Wednesday, January 27, 2010

Nearby Nature- Environmental Education can be Easy

I was recently asked to create a succinct description of what Environmental Education is for my fiscal agent’s website. I looked to the “classic” UNEP 7 principles of EE and ended up with this:

“EE focuses on interactions within and among natural, built, and social environments. EE aims to develop an individual's understanding, skills and the feelings of empowerment that are necessary for both positive behavior towards the biophysical and social environment in everyday living, and for active participation in group efforts to find the optimal solutions for environmental problems.EE is interdisciplinary, and is particularly effective when direct experiential learning is utilized.”

In looking at my description, I realized that it makes EE seem complicated, cumbersome, and overwhelming—all things that are extremely unattractive to most educators. To assuage my conscience for having published something that may actually turn some people off to EE, I wanted to focus on a few ideas and programs that let you utilize “nearby nature” for simple EE experiences.

· The Children and Nature Network was created to encourage and support the people and organizations working worldwide to reconnect children with nature. C&NN provides access to the latest news and research in the field and a peer-to-peer network of researchers and individuals, educators and organizations dedicated to children's health and well-being. Find information on forming family nature clubs, getting involved in your local community, and a new program called “natural teacher.”

The following two examples are specific to the San Diego region, but no matter where you live you can find nearby nature.

· San Diego Canyonlands has a mission to promote, protect and restore the natural habitats in San Diego County canyons and creeks by fostering education and ongoing community involvement in stewardship and advocacy. They are a clearinghouse of canyon “friends” groups, so if your family wants to do a service activity while learning about the local environment, they can help you to connect to a nearby canyon. They can also help school sites get started on projects in nearby canyons and offer service learning credit for participation in some events.

· Visit your local parks and recreation website. The City of San Diego’s site can help you find a nearby natural area to visit.

So take the first small step toward environmental education experiences for your students, your family, and your community today. Just get outside!

--Adrienne Marriott, Coordinator

CREEC Region9a (San Diego and Imperial Counties)

Wednesday, January 6, 2010

We’re WILD about new early childhood environmental education curriculum, by Deb Bruns

We’re WILD about new early childhood environmental education curriculum

Last month I had the pleasure of joining with 25 environmental educators and early childhood educators from across California to learn firsthand about Growing Up WILD – the latest addition to the Project WILD family of high quality environmental education programs. This one is geared to the 3 -7 year old crowd, building on that natural sense of wonder to connect kids to the world around them while developing important social and academic skills.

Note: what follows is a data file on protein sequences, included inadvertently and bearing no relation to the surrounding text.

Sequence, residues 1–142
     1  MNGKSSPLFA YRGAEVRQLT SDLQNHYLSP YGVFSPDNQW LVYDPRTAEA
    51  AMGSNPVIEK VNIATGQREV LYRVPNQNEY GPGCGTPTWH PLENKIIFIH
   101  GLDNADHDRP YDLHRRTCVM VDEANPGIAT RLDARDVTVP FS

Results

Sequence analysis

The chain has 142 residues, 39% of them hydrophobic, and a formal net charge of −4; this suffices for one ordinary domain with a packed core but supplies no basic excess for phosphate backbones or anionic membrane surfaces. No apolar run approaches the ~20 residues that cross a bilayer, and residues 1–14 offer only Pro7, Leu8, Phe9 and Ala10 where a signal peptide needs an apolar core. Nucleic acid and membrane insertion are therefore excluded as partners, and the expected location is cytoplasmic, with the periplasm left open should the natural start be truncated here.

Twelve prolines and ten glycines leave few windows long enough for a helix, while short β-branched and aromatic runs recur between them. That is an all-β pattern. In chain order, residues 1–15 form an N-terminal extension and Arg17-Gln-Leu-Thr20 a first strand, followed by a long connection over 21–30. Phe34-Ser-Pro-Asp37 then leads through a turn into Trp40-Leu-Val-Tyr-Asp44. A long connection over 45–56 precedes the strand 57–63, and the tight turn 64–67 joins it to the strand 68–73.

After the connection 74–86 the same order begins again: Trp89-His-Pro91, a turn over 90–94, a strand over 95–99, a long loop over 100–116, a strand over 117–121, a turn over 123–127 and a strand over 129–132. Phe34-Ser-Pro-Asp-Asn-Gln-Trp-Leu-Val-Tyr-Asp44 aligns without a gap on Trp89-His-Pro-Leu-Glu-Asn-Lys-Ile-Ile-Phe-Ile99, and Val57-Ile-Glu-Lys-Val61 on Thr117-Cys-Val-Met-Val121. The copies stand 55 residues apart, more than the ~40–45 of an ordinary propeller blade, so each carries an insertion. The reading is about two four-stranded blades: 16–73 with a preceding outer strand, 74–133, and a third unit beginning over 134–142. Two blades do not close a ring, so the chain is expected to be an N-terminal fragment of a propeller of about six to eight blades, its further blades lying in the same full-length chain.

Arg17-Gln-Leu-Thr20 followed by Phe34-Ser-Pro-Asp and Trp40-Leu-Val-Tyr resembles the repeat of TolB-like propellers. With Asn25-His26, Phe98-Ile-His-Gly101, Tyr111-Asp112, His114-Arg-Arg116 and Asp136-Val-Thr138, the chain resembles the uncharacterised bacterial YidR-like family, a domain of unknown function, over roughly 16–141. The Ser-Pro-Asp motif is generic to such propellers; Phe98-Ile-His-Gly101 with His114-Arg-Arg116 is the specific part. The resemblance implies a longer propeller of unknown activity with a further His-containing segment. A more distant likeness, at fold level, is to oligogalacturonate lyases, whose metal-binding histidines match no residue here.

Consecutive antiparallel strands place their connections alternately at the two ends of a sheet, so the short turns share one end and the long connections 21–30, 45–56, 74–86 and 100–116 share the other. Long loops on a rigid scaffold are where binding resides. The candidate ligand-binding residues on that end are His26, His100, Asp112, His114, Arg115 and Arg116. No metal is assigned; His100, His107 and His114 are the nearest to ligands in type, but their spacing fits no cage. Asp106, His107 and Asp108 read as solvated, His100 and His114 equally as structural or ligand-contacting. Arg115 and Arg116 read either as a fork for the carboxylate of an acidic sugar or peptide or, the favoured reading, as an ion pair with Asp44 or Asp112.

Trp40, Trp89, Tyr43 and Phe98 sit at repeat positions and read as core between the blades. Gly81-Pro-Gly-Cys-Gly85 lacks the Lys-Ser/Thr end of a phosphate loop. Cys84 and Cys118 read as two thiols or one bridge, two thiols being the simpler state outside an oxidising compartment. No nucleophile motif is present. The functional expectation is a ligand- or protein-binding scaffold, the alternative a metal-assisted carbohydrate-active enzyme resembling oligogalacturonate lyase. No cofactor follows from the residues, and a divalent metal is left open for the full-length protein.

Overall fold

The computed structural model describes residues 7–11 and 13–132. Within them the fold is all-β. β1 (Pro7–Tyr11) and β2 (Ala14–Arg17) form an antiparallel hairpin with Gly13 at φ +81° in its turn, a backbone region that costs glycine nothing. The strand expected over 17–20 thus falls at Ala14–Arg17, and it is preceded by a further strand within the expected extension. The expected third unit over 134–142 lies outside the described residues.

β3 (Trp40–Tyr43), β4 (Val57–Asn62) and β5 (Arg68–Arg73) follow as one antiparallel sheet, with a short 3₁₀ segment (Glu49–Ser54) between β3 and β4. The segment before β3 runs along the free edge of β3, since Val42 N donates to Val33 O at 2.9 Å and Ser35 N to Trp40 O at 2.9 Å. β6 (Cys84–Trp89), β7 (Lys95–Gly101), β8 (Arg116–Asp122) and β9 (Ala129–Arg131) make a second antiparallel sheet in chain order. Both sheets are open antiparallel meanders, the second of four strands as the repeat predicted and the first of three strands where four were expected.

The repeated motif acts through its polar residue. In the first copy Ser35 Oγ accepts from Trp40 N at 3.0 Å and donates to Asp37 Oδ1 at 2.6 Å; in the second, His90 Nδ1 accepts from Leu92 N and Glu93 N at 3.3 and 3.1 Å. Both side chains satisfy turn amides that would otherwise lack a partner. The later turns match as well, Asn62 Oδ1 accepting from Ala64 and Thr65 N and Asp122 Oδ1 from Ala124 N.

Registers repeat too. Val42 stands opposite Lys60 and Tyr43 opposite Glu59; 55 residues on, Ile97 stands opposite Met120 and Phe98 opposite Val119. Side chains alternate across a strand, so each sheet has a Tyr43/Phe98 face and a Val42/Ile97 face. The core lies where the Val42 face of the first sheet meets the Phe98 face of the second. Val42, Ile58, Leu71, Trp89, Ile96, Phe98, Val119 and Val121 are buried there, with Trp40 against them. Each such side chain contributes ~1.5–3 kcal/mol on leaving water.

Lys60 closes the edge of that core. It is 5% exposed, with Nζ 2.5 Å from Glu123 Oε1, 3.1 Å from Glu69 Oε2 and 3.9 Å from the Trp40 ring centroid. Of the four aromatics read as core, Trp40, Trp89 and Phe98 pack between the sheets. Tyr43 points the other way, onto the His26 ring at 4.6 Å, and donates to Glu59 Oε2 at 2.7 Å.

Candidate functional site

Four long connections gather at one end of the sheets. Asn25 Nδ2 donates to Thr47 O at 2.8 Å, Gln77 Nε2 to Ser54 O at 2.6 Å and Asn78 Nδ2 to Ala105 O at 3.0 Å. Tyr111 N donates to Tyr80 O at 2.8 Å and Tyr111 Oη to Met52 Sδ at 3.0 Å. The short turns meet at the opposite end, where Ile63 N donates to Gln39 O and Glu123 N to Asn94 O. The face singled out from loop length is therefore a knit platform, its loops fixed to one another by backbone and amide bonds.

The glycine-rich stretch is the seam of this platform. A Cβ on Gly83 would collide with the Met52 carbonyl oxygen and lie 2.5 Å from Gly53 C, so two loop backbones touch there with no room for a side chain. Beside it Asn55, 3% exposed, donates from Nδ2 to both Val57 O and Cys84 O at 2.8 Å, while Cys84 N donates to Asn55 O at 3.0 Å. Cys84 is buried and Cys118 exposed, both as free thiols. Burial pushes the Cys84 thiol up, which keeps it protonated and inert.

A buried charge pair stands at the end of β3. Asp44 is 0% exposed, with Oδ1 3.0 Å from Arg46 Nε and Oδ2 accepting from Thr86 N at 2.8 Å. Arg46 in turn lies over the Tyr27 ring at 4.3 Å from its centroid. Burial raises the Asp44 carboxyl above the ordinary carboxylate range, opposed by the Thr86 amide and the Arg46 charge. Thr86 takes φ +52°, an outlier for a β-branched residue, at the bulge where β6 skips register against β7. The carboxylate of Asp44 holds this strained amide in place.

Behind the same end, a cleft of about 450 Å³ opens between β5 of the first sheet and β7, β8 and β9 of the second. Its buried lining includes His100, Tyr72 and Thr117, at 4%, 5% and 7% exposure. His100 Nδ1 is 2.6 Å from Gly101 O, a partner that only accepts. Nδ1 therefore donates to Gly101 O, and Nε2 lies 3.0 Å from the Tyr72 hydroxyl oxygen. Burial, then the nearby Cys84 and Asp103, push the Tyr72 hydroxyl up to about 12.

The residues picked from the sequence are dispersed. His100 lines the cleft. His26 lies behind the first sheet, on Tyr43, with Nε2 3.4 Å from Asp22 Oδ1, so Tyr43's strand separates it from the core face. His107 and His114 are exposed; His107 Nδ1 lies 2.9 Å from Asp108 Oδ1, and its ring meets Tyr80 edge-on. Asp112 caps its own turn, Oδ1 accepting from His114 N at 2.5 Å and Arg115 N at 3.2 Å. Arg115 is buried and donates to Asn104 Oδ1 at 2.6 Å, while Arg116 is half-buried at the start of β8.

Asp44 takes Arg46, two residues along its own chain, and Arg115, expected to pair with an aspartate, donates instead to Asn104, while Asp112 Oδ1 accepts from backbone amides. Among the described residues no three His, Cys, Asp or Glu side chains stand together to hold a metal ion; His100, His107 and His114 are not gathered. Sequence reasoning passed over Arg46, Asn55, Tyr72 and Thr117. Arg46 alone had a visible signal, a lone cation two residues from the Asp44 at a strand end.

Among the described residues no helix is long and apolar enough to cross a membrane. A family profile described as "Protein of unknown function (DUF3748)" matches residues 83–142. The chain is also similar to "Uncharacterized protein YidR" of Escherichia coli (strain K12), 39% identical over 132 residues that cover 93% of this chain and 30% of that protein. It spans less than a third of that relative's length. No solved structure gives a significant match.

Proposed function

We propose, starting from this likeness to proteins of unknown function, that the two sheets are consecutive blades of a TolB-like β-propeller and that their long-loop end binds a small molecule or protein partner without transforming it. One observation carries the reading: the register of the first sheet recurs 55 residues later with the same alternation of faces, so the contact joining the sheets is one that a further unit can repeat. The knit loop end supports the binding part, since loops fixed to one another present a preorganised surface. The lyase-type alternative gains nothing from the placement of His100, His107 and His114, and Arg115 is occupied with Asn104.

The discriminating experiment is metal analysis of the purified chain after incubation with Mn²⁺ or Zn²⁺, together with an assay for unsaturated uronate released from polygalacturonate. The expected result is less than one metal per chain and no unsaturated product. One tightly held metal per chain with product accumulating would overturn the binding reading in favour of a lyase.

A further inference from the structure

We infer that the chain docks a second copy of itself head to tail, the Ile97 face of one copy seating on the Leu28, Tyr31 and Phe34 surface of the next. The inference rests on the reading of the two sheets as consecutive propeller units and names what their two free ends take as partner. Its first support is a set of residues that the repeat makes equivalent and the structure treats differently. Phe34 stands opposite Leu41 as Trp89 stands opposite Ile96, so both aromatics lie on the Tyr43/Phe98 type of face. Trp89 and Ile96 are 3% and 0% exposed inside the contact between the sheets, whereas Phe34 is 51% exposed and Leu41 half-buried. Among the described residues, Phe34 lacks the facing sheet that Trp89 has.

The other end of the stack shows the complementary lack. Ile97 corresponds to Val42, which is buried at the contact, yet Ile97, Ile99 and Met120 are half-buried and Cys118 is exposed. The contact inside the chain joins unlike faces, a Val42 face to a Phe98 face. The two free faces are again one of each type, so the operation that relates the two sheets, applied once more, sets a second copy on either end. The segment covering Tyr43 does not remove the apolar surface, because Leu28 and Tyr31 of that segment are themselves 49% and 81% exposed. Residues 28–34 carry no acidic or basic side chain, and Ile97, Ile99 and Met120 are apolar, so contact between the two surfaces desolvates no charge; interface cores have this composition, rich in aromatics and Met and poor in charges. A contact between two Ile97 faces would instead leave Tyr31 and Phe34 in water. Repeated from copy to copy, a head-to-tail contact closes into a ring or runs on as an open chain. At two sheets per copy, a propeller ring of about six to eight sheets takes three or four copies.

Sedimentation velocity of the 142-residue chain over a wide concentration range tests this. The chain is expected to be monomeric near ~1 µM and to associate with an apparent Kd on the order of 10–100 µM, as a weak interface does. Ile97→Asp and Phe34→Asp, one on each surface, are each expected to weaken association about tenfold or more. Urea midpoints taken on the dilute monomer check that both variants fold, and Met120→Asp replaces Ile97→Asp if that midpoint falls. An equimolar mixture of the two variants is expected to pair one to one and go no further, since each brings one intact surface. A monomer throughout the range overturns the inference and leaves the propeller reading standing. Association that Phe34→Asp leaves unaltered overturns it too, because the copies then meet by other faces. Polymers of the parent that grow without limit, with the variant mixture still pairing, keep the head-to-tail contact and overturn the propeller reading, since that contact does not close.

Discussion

The colorful, 11 x 17, eye-catching guide includes 27 nature based activities with kid-friendly themes like “Bird Beak Buffet,” “Spider Web Wonders,” and “Lunch for a Bear.” In the December workshop we tried out “Wiggling Worms.” We each had our own worm to watch and even got down on the floor and tried to move like the worms we had just observed. Thankfully, the superintendent didn’t wander by the workshop at that particular moment! Later, we went outside to look for signs of “Who Lives in a Tree” and collect materials for an art project.

Like all of the materials from the Council on Environmental Education, the guide defines “user-friendly.” A Quick Facts box on each page includes the basic background information on the topic for the teacher. Educators can choose from a myriad of activities to fill a pre-schooler’s day: songs set to familiar tunes, art and craft projects, movement, math, indoor and outdoor games, science explorations and even a related (and mostly healthy) snack. In “Fishing Fun,” students use pretzel stick rods with cream cheese bait to “catch” fish crackers.

Need more? Each activity page also includes a list of related fiction and non-fiction books. Home Connections – easily copied pages provided in English and Spanish – encourage families to explore the natural world together with simple activities such as finding an ant colony, looking for birds in the neighborhood or visiting a local pet store to observe the fish. Journal prompts and discussion starter questions are provided for parents which will mostly likely result in a little adult education as well.

I can’t wait to share Growing Up WILD with our Head Start teachers and the local child care planning council. I’m also going to work with the community colleges in the area and our own high school ROP Careers with Children teacher to get the guide to as many early childhood educators as possible. They will be happy to know that each activity page notes correlations to the National Association for the Education of Young Children (NAEYC) Standards and the Head Start Domains

Growing Up WILD is available free to any early childhood educator who attends a workshop. Now that there are trained workshop facilitators throughout California there is sure to be a workshop near you. Contact your CREEC Coordinator or California’s Project WILD Coordinator, Betsy Magladry, to find out about a workshop or facilitator in your area. For more information on the guide (including a look at a sample activity page), visit